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One Step Closer to Eradicating Battery Hen Cages

BY DIONNE LISTER

Wow, we have some happy news to report. People power is making a difference. In Tasmania, the government has recently announced that battery hens and sow stalls at piggeries are going to be phased out. They have taken this step because of increasing consumer concern about the welfare of animals.

No new licenses for battery hen farms will be issued, and a cap on the number of existing ones is going to be put in place. This sounds good, however the government has not stated when, or if, all farms will have to get rid of their cages. It is a step in the right direction but some Tasmanian farms will still have battery hens.

The sow crates are a different story, thank goodness. All crates for pregnant sows are being phased out by 2015. This is the practice of keeping the sow in an extremely small space. The pig cannot move around which leads to urinary tract infection, the sow becoming distressed and aggressive, and ultimately an early death. It is interesting to note that sow crates have been banned in the UK for the last ten years.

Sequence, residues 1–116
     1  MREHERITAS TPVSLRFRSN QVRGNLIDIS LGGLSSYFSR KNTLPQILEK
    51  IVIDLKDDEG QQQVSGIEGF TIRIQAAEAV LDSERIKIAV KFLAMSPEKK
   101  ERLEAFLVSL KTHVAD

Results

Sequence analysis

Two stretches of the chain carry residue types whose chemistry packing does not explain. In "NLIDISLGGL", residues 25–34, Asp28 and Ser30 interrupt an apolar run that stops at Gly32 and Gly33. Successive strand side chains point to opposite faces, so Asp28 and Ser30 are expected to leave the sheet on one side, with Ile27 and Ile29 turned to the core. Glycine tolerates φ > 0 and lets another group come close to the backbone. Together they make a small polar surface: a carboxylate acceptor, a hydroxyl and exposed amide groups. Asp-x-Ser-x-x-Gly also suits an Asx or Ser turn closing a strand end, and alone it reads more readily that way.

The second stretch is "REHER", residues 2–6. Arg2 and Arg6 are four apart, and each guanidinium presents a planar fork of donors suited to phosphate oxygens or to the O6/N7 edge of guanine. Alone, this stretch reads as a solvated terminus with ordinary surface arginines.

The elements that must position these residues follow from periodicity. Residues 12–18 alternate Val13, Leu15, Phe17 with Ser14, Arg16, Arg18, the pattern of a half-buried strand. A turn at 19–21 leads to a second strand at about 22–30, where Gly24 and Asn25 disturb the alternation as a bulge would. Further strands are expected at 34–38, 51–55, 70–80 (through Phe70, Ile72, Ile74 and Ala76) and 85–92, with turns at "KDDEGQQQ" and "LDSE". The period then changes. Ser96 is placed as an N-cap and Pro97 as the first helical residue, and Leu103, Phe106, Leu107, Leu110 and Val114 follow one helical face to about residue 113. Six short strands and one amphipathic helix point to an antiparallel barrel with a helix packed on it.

Battery hens have been banned in the EU, seven American states and Switzerland. Hens suffer greatly when they are confined in these small cages where they don’t even have the space to stretch out their wings. They spend their whole lives there, usually 18 months of what’s supposed to be around 12 years, as they are slaughtered when their egg-laying rate slows.

At least the Tasmanian government is taking a step in the right direction, but more needs to be done in Australia to ban battery and caged eggs as soon as possible. Visit the RSPCA website and find out how you can join the push to ban these practices. Check out our previous post "Dirty Dozen-the truth about free-range eggs" for advice on how to buy real free-range eggs. So let’s continue to hen-peck the government and help the chickens have a happier life. 

What do you think?


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